K Street’s top firms cashed in on the
legislative energy unleashed by new
Democratic majorities to post solid overall growth of about 9 percent in 2007.
But the power switch and a Democratic-led revamp of lobbying rules — as well as a harsher earmark environment — spawned uncertainty that produced widely varying individual performances among the 25 largest shops.
The results for the top five firms tell the story: While the top two shops increased revenue by at least 20 percent, growth for the next three was flat.
Patton Boggs retained its crown as K Street king by pulling in $42.4 million, putting a whopping $10 million between it and its nearest rival, Akin Gump Strauss Hauer & Feld. Van Scoyoc Associates and Cassidy
& Associates — both of which relied on large appropriations practices in a difficult year for earmarks — and Barbour Griffith & Rogers, until recently an all-Republican firm, respectively rounded out the top of the list.
“This is a return to normalcy,” Akin Gump partner Steven Ross said, “and a return to people recognizing the value of having a broad-based ability to articulate and advocate the interests of clients to people on both sides of the aisle.”
To gather figures for the rankings, Roll Call solicited year-end revenue numbers, as reported under the Lobbying Disclosure Act, from the 50 firms that CQ MoneyLine found earned the most during the first half of the year. Figures for the firms ranked 26 through 50 are not reported in the final rankings.
Some firms in the bottom half of the top 50 either did not respond or declined to provide their results.
Private equity firms helped spell big revenue hikes for at least two firms: Ogilvy Government Relations, which pulled in $22.3 million — a 51 percent jump from 2006 that vaulted it from No. 12 to No. 6 — and Covington & Burling, where revenues jumped 52 percent to $12.9 million in the first year it has made the top 25.
“It reflects our incremental growth, adding people and projects, and we expect to see the same thing for this year,” Covington &
Burling’s Rod DeArment said. The firm earned $1.1 million from Kohlberg Kravis Roberts & Co. for work on its takeover of TXU Energy and the brouhaha over carried interest.
Ogilvy picked up a more than $4 million haul from The Blackstone Group, the private equity firm that needed help beating back two potential tax hikes. But firm managing director Stewart Hall said the shop also added significantly to its retainer-based clients, “the mother’s milk of any firm.” Formerly known as The Federalist Group, the shop was all-GOP until 2006. It relaunched last year with the new name.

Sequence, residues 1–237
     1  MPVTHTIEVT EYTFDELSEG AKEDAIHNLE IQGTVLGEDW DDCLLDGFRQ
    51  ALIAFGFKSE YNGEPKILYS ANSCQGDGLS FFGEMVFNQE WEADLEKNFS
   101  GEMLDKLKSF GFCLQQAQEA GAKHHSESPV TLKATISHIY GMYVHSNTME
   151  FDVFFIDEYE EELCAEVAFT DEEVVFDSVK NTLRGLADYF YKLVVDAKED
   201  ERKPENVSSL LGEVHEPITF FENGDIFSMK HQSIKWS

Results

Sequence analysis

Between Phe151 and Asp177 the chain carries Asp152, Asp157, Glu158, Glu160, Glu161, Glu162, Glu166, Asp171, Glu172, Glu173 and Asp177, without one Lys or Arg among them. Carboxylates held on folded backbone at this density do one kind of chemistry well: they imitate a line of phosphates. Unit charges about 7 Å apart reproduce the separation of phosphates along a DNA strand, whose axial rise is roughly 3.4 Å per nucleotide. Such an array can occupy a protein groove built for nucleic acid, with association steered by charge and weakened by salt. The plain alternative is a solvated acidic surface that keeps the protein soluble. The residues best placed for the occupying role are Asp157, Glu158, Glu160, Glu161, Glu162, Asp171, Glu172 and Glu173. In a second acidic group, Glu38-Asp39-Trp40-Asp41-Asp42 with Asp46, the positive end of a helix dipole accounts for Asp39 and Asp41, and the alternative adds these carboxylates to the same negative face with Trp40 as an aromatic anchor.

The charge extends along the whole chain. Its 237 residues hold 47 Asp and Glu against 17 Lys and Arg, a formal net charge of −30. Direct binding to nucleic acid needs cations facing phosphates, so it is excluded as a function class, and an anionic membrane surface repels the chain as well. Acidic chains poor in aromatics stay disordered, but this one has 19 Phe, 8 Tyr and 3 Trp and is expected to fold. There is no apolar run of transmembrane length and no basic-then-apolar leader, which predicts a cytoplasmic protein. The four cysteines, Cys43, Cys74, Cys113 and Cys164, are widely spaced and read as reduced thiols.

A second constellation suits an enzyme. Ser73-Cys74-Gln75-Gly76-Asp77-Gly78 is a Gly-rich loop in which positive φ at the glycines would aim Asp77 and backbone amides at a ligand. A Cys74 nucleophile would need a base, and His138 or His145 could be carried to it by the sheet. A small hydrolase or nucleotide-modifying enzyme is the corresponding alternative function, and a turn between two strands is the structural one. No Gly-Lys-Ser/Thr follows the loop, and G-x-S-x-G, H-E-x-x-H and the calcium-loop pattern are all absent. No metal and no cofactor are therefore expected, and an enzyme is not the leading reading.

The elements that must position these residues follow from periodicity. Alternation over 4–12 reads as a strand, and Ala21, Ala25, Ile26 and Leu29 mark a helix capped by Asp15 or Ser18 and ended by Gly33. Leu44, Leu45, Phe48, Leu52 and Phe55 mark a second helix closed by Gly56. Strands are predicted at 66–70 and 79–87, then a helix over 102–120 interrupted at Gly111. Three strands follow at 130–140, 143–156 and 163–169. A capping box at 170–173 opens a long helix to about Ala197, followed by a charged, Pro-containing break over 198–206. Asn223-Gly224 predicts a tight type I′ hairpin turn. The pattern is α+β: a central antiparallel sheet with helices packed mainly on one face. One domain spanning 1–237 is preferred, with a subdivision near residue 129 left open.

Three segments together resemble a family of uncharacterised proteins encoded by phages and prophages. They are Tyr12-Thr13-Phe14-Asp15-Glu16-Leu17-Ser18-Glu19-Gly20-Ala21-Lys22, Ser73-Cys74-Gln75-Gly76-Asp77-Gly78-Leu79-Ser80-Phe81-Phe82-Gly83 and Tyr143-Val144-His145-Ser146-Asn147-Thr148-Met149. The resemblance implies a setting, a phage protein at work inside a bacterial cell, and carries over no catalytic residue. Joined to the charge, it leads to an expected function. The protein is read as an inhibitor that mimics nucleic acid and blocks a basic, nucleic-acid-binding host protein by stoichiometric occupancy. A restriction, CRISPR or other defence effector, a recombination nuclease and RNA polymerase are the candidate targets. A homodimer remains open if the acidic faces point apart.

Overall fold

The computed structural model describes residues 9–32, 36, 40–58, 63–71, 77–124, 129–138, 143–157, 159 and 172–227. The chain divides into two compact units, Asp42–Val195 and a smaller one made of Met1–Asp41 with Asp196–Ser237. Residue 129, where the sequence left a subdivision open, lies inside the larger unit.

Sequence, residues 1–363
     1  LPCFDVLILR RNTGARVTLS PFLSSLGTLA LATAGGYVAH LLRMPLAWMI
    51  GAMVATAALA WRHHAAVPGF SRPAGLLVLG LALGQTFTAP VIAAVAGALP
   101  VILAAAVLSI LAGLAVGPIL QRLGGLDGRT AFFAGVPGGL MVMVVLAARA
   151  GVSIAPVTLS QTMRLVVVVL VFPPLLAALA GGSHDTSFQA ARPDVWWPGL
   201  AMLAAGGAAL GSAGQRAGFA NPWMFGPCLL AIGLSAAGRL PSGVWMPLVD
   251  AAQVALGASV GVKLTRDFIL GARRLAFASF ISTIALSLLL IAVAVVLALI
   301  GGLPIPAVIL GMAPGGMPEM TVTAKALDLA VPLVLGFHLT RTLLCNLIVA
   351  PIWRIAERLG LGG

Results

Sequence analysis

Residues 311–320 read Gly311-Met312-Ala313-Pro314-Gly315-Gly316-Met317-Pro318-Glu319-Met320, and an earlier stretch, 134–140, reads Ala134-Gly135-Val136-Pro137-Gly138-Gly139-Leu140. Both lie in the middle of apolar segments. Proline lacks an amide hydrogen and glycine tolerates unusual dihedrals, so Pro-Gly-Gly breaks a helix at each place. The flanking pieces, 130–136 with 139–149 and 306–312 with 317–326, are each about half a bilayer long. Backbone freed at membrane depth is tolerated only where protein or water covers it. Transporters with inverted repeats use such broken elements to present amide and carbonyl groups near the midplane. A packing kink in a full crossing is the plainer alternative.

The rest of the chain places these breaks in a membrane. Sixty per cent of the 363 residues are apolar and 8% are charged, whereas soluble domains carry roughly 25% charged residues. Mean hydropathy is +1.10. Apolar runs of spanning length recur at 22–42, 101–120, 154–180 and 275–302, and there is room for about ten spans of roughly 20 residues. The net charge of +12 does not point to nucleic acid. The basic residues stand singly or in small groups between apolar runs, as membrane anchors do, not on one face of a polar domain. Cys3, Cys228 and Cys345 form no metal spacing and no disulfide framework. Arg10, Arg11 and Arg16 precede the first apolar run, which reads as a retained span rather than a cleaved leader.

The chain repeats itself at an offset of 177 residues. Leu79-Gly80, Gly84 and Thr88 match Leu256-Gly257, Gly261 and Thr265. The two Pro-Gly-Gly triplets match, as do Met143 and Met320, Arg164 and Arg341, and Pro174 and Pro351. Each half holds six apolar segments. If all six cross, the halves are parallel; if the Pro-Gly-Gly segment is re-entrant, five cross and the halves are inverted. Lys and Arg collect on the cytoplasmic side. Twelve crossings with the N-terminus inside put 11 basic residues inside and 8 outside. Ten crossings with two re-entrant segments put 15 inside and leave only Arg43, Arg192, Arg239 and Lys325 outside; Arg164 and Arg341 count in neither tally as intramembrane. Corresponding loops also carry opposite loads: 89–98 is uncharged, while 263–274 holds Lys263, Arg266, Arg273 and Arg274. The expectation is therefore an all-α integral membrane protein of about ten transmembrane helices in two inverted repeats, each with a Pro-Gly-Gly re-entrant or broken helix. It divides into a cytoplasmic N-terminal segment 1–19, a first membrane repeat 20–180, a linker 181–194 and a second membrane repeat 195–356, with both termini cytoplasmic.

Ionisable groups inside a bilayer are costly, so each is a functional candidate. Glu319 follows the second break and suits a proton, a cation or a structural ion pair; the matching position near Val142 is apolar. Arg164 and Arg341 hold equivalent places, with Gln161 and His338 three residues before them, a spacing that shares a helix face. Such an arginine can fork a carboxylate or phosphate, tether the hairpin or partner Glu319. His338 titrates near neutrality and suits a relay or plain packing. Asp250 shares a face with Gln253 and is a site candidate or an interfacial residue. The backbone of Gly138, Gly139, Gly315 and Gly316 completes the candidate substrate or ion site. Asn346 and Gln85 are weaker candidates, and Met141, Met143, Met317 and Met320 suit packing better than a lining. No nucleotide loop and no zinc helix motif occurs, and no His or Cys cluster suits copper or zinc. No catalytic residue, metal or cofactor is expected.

“We had a great year last year and we’ve got great enthusiasm going into next year,” Hall said. “We’re going to keep doing what we’ve always done, focusing on good client services and building client loyalty and trust.”
Further down the list, the law firms Holland & Knight and Brownstein Hyatt Farber Schreck both enjoyed considerable boosts in their bottom lines. Newly invigorated debates on energy and climate change helped Holland & Knight post a 19 percent gain, according to Rich Gold, who runs the firm’s lobbying practice. Al Mottur, at Brownstein Hyatt, said the firm mustered 22 percent growth this year — on top of 60 percent growth last year, according to Roll Call figures — by expanding across a range of practice areas, including energy and water, health care, financial services, and homeland security.
This filing period marked the first under a newly streamlined system designed to comply with the lobbying reforms, and K Streeters praised its efficiency. Previously, lobbyists had to buy a “digital signature” from an outside vendor to meet a House requirement that they file disclosures electronically. They then had to submit hard copies to the Senate.
The new system scraps the digital signature, and allows lobbyists to electronically file to both the Clerk of the House and the Secretary of the Senate at once with the click of a button.
“It’s a happy development for all of us who have to deal with these things,” DLA Piper lobbying expert William Minor said.
Amid mostly good news last year, some firms had a bumpier ride. Williams & Jensen, for example, saw its reported revenue slide nearly 5 percent. “I don’t think our corporate clients feel threatened with Bush in office,” firm partner Steve Hart said. “It will be a different story if Sen. [Hillary Rodham] Clinton [D-N.Y.] or Sen. [Barack] Obama [D-Ill.] are in the White House. Senate Republican lobbying will triple, or quadruple.”
The year proved an especially mixed bag for firms that focus on appropriations. With Democrats pledging to chop the special projects in half, some of the largest shops saw growth stumble.
In addition to Van Scoyoc and Cassidy, both of which saw less than 1 percent climbs, The PMA Group witnessed a 1 percent dip.
Cassidy invented earmark lobbying and relied on the model to grow into what was once the largest firm on K Street. Last year, amid tougher times for the practice, the firm cut its appropriations work to just under half of its total LDA revenue. But Gregg Hartley, the firm’s chief operating officer, said it will continue to be an important part of the business.
“2006 was the worst time. With so much controversy, a lot of people were backing off the playing field,” he said. “Now we see where the rules are going. This has been a good year, and we would anticipate that appropriations will always be a good, strong, healthy part of our business.”
Vice President Joe Biden waits to conduct a mock swearing-in ceremony with Sen. Brian Schatz, D-Hawaii, in the Capitol's Old Senate Chamber, December 2, 2014. Schatz was sworn in to serve the remainder of his term since he was appointed to the seat after Sen. Daniel Inouye, D-Hawaii, passed away.